SB 495 (Durazo) – Bias Free Child Custody
Chaptered into law on 10/08/2019
Section 3040 of the California Family Code is now amended to include “(c) The court shall not consider the sex, gender identity, gender expression, or sexual orientation of a parent, legal guardian, or relative in determining the best interest of the child…”.
Thank you to Senator Durazo for authoring SB 495 – Bias Free Child Custody and her amazing Chief of Staff, Jennifer Richard both of whom invited our coalition in to the process and provided guidance navigating the legislative system. Thank you to those in the Senate and Assembly who voted to support our families and to Governor Newsom for signing this bill in to law. Thank you to my amazing Women’s Policy Institute teammates Tracy Zhoa from API Equality Los Angeles and Ezak Perez from Gender Justice LA; your kindness, strength, and leadership is inspiring. Thank you to our coalition members and co-sponsors Reba Birmingham and Kendell Evans at the Long Beach Bar Association and Tami Martin and Puneet Purewal at Equality California whose expertise and partnership made this happen.
Our coalition heard stories from families across California. Those of you living in conservative or rural jurisdictions, those of you unable to afford attorneys with LGBTQ case law expertise, those of you scared to lose your children if you left an abusive relationship. The California Legislature and Governor have heard you too.
SB 495 passed both houses without a single no vote!
When SB-495 was being heard by the Senate and Assembly Judiciary Committee’s, I had the honor of presenting my personal testimony on behalf of our coalition. I am including it below as just one example of why California needed to explicitly protect our families in the Family Code.
“My name is Mandy Taylor and I am here to ask for your support on SB495 Bias Free Child Custody. I am a part of the Women’s Policy Institute LGBTQIA Justice Team, one of the sponsors of this bill. I am a social worker, an advocate, a member of the Queer and Trans Community, and the parent of an amazing teen.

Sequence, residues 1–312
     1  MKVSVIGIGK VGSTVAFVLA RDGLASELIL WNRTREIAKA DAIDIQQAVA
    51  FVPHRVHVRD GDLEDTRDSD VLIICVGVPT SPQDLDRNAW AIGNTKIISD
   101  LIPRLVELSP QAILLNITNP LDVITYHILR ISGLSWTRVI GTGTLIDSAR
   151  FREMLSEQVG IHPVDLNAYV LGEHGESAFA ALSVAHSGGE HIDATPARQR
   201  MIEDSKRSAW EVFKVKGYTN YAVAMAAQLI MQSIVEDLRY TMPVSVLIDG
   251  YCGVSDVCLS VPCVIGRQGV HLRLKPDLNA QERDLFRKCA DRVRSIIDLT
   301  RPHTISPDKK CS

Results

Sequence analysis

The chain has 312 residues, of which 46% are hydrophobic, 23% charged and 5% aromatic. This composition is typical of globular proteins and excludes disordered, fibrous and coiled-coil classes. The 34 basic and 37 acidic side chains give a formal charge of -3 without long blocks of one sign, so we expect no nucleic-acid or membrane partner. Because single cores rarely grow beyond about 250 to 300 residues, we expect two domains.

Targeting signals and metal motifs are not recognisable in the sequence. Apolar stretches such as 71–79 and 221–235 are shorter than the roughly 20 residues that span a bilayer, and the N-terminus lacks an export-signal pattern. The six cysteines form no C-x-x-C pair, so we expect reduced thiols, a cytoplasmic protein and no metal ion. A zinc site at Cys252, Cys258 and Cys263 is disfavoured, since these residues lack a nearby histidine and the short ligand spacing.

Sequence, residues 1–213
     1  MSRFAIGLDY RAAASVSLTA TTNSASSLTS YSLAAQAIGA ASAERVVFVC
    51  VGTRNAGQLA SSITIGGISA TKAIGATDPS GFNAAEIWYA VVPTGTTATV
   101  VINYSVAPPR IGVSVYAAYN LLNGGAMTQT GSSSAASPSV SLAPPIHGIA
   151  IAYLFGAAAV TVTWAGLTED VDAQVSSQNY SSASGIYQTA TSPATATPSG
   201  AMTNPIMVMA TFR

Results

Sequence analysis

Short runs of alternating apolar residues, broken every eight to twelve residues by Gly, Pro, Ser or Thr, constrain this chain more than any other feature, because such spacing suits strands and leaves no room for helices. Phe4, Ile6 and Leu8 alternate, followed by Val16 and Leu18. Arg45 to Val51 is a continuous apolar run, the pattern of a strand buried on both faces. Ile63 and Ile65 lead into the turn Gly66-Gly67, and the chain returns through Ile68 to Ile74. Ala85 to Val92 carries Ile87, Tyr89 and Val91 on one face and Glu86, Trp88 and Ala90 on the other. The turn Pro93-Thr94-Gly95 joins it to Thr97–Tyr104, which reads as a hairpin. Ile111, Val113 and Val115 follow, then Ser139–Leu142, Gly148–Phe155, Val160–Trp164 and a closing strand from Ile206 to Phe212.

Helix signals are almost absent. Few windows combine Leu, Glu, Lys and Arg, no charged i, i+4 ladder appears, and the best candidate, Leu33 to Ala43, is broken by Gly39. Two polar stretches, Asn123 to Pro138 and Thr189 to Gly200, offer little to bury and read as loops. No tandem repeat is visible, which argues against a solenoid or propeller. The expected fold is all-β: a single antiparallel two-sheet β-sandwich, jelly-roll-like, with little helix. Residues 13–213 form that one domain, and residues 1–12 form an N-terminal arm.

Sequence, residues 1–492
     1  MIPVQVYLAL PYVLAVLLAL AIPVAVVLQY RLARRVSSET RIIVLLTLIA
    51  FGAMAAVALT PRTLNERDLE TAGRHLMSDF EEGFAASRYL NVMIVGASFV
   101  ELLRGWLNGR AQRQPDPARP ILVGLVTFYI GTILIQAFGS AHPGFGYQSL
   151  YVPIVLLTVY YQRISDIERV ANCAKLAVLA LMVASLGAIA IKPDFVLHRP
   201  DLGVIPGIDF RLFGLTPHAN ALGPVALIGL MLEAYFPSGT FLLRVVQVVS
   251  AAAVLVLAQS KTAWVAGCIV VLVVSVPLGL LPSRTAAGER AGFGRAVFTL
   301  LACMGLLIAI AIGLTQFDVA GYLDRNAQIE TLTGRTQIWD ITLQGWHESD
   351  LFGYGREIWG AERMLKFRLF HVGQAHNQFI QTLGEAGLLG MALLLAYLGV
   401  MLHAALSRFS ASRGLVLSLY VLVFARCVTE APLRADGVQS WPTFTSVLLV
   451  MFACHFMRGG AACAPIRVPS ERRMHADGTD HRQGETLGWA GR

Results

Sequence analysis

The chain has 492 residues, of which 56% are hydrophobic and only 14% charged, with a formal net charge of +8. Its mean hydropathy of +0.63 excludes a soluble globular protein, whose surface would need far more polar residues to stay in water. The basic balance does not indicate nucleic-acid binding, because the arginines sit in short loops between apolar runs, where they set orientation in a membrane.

When my daughter was an infant, I left my abusive boyfriend and filed for full custody to ensure her safety. For the last fourteen years, I have had full physical custody and the Family Court has consistently enforced supervised parenting time for my co-parent. Our child’s safety and well-being was paramount to me. Because of that, for years during the lengthy custody process, I did not feel safe ‘coming out’ about my sexual orientation. My ex had made his beliefs about LGBTQ people very clear and I knew I could expect retaliation if he knew my sexual orientation.
I was a single parent with an infant. I had no college degree. I was in a domestic violence program trying to deal with my trauma. I was on welfare and attending school full-time; I didn’t have the money to hire an attorney or the time and knowledge to research case law. If I couldn’t guarantee an unbiased judge, mediator, and opposing counsel – Being ‘out’ was too much of a risk to my daughter’s safety. I waited three years to be publicly ‘out.’ I waited until I finished school. I waited until I was solidly middle-class. I waited until I could afford an attorney. I waited until I had community that helped me feel safe. No one else should have to wait like I did.
By codifying and clarifying case law into statute, SB 495 helps protect children by ensuring that bias and discrimination have no place when determining the best interests of a child. By putting these protections in to the Family Code, our representatives reduce barriers for low income parents and support community networks by making protections easier to access and understand.
All children deserve to feel safe, cared for, and loved in their own home. There is no room for bias or discrimination.”
Why is SB 495 important?
Fair custody hearings should not be dependent on economic or social capital